WAAC Member & Artist Sally Thurlow exhibits at The Ted Head Gallery, “Resonances,” from September 28 to October 15, 2022.

The Red Head Gallery is pleased to present Resonances (SEEING IT THROUGH…) by Sally Thurlow.

Artists are inevitably drawn to repeat themselves, revisiting deeply embedded themes as if for the first time. In 1998 I painted an eerie field of hay bales, all in sepia tones. Recently I found myself painting this scene again, calling it Disappearing Farmlands II. This time, in familiar complementary colours, the bales have a surreal feeling in their transparency, and are rolling away, reflecting the uncanny nature around the world. So much disappearance in these works – farmlands disappearing in my paintings, bees disappearing in sculpture, butterflies. Rachel Carson’s book Silent Spring celebrates a fifty year anniversary edition that had ushered in the era of the Anthropocene before it took on a dire name. How to stay with the trouble?


My varied approaches to painting, come about from how best to express the mood, and ideas behind it. My sculptures also have this playful use of assorted, expressive materials. I wish there to be a beauty that hovers over the brute horror of the daily serving of disaster news. Consider; the painting …What We Sow required an intense density of harvesting materials to mix with its phenomenal background. The suspension in Detached Foundations and Floating in Limbo embody mourning trees. Serving Up Dilemmas draws on materials from the shores of Lake Ontario beach near my home. What are zebra mussels doing in the Great Lakes? Just the tip of the toxic iceberg.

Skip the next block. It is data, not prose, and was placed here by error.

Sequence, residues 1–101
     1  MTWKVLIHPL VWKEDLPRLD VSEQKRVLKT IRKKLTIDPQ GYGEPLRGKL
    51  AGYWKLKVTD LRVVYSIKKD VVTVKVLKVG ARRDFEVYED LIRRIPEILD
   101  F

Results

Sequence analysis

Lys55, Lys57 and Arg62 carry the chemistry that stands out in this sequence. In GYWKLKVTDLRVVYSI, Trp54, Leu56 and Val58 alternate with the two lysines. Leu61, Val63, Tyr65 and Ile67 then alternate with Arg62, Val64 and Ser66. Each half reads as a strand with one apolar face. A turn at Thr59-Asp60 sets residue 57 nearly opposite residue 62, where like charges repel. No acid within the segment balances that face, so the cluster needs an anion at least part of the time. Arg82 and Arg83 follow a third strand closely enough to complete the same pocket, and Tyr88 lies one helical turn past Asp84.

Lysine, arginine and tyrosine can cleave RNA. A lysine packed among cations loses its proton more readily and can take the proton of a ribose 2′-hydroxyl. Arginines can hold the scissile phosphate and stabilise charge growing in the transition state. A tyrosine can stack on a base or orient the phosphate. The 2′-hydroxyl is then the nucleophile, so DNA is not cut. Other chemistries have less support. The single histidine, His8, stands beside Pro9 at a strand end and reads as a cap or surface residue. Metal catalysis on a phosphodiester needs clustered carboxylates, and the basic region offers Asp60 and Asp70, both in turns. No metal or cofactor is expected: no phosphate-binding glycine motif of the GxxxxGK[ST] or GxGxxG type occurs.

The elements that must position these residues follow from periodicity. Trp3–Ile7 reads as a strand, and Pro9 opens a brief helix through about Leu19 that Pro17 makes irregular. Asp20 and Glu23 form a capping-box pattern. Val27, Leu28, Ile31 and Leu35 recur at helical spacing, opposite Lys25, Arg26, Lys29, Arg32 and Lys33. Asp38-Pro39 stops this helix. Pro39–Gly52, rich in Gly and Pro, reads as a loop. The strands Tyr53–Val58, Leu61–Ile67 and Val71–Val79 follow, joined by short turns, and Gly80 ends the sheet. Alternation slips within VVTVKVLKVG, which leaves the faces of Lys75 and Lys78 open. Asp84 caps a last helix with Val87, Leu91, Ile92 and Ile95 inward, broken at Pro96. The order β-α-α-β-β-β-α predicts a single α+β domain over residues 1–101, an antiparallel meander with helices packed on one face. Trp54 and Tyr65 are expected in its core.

This summer I shared a happy artists’ retreat in Quebec called DRAW – Dumoine River Art for Wilderness. I was one of 18 artists who gathered to make art and share their stories. My tree rubbings for Three Sisters came about from the enchanting experience of being up close and personal with these magnificent ancient trees. We drank water from a fresh, clean local spring, still unavailable to some Indigenous communities, dwelling downstream from industrial effluences. Why are there still contaminated waters?


This exhibition was painted on wood panels from crates I had made for my first large travelling exhibition of sculptures called Canoe Dreamings in 2006. Once the sculptures were dispersed, the empty crates were re-purposed into the surfaces for painting, the different wood grains giving a stability to the landscape motifs. Staying with the Trouble, a book by Donna J. Haraway has resonances for me. Seeing it through, and seeing it through art. Is Art still a saving power?



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